// Solve this model like you would in a regular Java program calling CPLEX
// Obtain a TTSolution object from the solution found by the solver.
return solution;
}


The nice thing is that if you design your TTInstance and TTSolution classes properly (in particular in a way that they can be automatically converted to/from JSON by Spring), your client-side application only needs to send a properly structured instance data object as a web-request, and it will receive a nicely structured object with the solution after POSTing the instance data to the /tt/solve endpoint. I used Vue.js to make a nice front-end application where it is easy to edit model data in a guided manner and explore the resulting solution, Axios to POST the model data and receive a solution from the server, and Bootstrap to make things look nice. Creating the front-end was more effort than creating the backend, in this case.

Note that this architecture still has a number of drawbacks: your solutions times/memory usage should be reasonably low, and the number of concurrent users should be low as well. The first reason is that if a POST-request takes to long, the web-browser or web-server will typically cancel the request. Additionally, if the solver consumes too many resources, it can take the whole web application server down with it. This is the main reason why Gurobi proposes an architecture with separate worker processes: the web controller's request handlers, only need to send the data into a job queue, from where the workers retrieve their tasks. If a worker then takes too long or uses too many resources, it can be killed without any risk for the web application server (besides having a failed job).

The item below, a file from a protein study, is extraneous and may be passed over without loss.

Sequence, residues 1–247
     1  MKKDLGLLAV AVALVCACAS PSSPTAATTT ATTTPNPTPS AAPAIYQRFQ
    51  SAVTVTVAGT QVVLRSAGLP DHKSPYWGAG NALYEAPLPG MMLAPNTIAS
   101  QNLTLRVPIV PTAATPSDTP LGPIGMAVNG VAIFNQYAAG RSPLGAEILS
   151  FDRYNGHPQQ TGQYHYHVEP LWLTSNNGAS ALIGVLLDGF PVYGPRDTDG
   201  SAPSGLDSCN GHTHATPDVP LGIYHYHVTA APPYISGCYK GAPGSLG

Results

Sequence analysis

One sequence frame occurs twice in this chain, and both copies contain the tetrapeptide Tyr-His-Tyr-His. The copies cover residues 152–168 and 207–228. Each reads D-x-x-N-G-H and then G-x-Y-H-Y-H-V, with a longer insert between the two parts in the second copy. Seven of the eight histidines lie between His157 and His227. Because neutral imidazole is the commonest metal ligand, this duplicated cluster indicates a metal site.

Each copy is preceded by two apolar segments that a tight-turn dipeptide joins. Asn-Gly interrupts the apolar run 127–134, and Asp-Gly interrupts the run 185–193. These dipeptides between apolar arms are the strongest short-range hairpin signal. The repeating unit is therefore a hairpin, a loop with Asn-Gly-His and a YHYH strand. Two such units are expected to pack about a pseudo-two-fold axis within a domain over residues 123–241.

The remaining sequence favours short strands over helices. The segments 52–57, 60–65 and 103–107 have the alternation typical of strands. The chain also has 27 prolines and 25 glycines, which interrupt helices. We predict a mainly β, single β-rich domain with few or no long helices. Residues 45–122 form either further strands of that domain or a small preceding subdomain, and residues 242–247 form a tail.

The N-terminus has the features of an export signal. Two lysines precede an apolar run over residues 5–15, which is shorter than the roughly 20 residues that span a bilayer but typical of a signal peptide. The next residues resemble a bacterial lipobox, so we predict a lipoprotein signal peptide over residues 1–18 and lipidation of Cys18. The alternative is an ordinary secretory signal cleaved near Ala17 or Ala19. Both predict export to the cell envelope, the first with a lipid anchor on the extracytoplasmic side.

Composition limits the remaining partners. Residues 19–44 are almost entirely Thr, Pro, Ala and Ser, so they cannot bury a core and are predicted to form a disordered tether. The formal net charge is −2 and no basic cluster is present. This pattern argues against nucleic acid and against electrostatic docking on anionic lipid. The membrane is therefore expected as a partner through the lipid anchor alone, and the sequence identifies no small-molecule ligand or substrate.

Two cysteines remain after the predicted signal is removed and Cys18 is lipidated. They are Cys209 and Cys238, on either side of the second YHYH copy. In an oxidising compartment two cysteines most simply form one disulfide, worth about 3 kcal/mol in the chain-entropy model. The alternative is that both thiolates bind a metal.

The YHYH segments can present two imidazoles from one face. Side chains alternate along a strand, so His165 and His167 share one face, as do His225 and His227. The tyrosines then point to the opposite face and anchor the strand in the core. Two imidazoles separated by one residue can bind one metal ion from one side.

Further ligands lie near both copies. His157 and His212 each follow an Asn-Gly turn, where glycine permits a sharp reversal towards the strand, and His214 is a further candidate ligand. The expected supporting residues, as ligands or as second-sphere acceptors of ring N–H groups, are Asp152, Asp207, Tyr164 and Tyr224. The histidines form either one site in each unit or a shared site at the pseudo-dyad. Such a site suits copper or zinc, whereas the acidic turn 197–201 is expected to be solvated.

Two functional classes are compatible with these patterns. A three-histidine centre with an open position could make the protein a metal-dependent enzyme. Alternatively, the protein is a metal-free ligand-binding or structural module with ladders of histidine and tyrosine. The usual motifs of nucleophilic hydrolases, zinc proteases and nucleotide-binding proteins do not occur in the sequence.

However, the advantages of this design are pretty clear: by running the solver directly in the handler of a POST-request, you avoid the need for a job queue, separate worker processes and a database to store the instances and their solutions. In fact, there is no need to persist data at all, and if you want to do it anyway, you can opt to do it all in the browser, e.g. via localStorage, or by implementing import/export functionality based on Javascript's FileReader functionality and ability to create a local download.

So yes, you can flatten the architecture either to a single client-side application (html/css/javascript), or to a client-side application with a simple backend server that does the solving directly in the request handler. Both options do make sense for prototyping/demonstration purposes. For a backend, you need a language that offers both a web-framework and a good interface to a solver. For someone who is inexperienced, Python is probably the most convenient candidate (fhk mentions the Flask web framework), as I believe Python has nicer bindings with different solvers, in particular, the open source ones. From experience, I know Java is also up to the task.